Analog is an adjective that describes any form of technology or data that is represented by continuously varying physical measures compared to discrete digital values. It is based on the conceptual ruler of one variable versus another. This type of technology has been used in a wide variety of applications, such as audio, radio, and television.
An analog signal is characterized by its boundless nature, meaning it can represent data with an infinite range of values. This contrasts digital technology, which often dives data into limited “on or off” states. Since digital data must be converted into analog before transmission, analog signals are often applied in communication and signal processing systems.
In the early days of computing, all data was analog. Computers used to use physical switches and dials to input information into the machine. Later on, these methods were replaced by digital techniques. This means that early computers were analog machines and used analog signals to communicate.
Analog signals can also be used within electronics systems, including, amplifiers, loudspeakers, and pressure detectors. They are generally used in everything from FM radio stations to digital-to-analog converters (DACs).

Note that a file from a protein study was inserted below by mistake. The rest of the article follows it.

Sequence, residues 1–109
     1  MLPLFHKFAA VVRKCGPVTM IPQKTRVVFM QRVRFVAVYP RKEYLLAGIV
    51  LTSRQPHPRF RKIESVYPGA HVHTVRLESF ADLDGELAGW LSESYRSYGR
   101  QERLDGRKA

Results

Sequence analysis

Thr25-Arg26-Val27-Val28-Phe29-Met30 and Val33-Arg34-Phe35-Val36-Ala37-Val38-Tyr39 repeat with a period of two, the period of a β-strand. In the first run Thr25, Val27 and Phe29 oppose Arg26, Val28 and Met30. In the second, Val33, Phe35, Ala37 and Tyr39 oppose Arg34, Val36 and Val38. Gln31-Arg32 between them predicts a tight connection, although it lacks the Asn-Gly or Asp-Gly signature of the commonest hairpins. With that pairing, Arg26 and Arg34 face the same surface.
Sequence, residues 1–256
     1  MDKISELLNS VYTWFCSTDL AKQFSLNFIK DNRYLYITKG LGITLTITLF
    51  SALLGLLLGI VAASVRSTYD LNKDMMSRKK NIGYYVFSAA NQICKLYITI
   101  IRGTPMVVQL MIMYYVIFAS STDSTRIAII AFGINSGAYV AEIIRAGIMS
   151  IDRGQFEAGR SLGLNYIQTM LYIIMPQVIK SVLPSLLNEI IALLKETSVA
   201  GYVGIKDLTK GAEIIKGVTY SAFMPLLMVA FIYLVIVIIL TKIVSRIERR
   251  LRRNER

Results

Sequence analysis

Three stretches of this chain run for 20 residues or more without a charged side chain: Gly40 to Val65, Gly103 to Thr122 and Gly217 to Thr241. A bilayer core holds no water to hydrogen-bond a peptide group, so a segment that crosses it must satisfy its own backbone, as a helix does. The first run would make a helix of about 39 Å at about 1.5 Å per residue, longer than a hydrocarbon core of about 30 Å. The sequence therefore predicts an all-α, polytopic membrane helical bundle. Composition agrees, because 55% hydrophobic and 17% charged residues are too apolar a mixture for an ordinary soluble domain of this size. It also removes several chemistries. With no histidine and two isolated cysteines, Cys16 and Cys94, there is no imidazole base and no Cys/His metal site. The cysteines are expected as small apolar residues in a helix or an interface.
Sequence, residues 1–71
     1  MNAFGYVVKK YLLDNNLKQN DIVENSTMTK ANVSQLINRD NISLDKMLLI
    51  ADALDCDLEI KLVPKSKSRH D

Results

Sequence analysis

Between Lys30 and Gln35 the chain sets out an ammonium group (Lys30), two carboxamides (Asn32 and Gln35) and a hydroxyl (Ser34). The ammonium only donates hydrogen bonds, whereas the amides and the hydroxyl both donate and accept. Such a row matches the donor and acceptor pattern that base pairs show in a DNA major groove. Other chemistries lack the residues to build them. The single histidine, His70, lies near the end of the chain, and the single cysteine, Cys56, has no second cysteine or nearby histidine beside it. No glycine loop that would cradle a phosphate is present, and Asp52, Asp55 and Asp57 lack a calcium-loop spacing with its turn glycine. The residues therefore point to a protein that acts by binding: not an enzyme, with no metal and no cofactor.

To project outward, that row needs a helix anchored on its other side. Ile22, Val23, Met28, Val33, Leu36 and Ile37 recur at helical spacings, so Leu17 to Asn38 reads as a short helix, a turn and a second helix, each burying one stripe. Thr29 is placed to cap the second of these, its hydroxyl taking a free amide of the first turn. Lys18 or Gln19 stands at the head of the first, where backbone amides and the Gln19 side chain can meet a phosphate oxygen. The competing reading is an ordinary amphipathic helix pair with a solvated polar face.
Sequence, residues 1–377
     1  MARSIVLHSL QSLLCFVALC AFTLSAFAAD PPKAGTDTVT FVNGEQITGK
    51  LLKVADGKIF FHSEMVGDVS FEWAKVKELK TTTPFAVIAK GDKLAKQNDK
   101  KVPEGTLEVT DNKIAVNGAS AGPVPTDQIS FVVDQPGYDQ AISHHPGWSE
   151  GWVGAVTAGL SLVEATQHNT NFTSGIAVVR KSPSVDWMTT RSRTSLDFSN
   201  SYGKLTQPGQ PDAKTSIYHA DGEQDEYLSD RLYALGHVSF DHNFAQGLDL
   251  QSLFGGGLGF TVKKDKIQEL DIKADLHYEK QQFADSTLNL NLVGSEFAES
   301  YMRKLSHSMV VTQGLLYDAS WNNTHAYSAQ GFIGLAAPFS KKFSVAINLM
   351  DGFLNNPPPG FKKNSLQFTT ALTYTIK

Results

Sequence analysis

Speaking in the broadest terms, analog data is represented in a continuous stream of values, while digital data is shown in a discrete format with specific values. While analog offers a richer range of input and output possibilities, it is also more vulnerable to interference. Digital systems are more reliable and efficient which is why many industries now use them in place of analog.
Despite digital’s advantages, analog is still found in a wide range of everyday technologies and continues to evolve. Because it is less expensive and generally intuitive for humans to use, it will likely remain in use for the foreseeable future.